Latest reality-show uproar: 'Bumfights'

By , Special to The Christian Science Monitor

One homeless man, his pants sliding off his back end, pummels a foe into the corner of a public toilet. Another rips his front tooth out with pliers. A third bashes open a candy machine with a sledgehammer.

That's entertainment? For thousands of people who have forked out at least $22 each for a copy of "Bumfights: A Cause for Concern," apparently so.

The hour-long flick, which through violence and gore depicts the worst imaginable behavior of homeless people in Las Vegas and southern California, has sold more than 250,000 copies since its April debut. It's also turned its producers into millionaires.

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Homeless advocates, pop-culture observers, and conservative media groups are all appalled. Howard Stern and Fox News are both fascinated. And the Las Vegas police are actively looking for victims of violence depicted in the video who would be willing to file complaints – even though some of the film's sequences were staged.

In one sense, "Bumfights" is merely the latest installment in a lineage stretching back to ancient Roman gladiators and leading more recently to Tonya Harding slugging Paula Jones on Fox. But this video takes the coarsening of US society a step beyond enterprises like "Fear Factor" or "Temptation Island." Many cultural observers believe it takes advantage of some of America's most vulnerable people in a way that is degrading if not dangerous – and crosses a new threshold in defining what's entertainment.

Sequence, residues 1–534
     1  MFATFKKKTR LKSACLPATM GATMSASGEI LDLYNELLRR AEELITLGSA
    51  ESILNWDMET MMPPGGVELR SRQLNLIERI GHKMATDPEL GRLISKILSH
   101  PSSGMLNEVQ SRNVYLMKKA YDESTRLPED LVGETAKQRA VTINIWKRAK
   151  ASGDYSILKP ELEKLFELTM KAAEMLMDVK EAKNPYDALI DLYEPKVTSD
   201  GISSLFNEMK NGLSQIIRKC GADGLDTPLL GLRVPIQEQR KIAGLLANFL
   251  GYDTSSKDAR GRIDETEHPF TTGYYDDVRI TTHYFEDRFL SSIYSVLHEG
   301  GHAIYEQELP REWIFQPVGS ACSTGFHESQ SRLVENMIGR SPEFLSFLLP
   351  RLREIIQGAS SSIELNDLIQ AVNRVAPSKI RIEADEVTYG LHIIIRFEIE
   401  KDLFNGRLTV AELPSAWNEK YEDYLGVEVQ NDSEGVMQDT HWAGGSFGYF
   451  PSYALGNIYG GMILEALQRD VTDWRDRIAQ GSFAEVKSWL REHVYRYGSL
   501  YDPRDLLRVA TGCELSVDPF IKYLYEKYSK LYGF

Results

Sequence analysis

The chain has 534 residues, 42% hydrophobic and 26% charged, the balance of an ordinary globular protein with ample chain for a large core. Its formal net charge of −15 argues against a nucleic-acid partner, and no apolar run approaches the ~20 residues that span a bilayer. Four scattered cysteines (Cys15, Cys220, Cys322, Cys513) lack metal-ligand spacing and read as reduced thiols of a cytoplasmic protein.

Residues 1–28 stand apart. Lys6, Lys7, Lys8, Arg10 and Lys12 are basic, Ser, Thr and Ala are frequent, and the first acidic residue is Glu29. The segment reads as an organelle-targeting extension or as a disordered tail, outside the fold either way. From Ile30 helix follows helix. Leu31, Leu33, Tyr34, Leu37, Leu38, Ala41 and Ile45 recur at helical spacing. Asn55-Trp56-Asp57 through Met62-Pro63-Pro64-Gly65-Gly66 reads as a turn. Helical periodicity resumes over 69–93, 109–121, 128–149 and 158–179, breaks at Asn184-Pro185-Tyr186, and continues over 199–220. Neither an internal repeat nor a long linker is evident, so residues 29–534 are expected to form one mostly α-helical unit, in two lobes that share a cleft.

That's led many homeless advocates and media experts to accuse "Bumfights" of an exploitation that strips away dignity in a way reality TV hasn't done – at least not yet.

"This is no different than all the people who went to PT Barnum's circuses to see the freak show, only now you can order it up in private off the Internet and don't have to wait for PT Barnum to come to town," says Lenny Steinhorn, a communications professor and pop-culture expert at American University in Washington. "We have this curious side of us for things that are different, things that go wrong, things that are bizarre."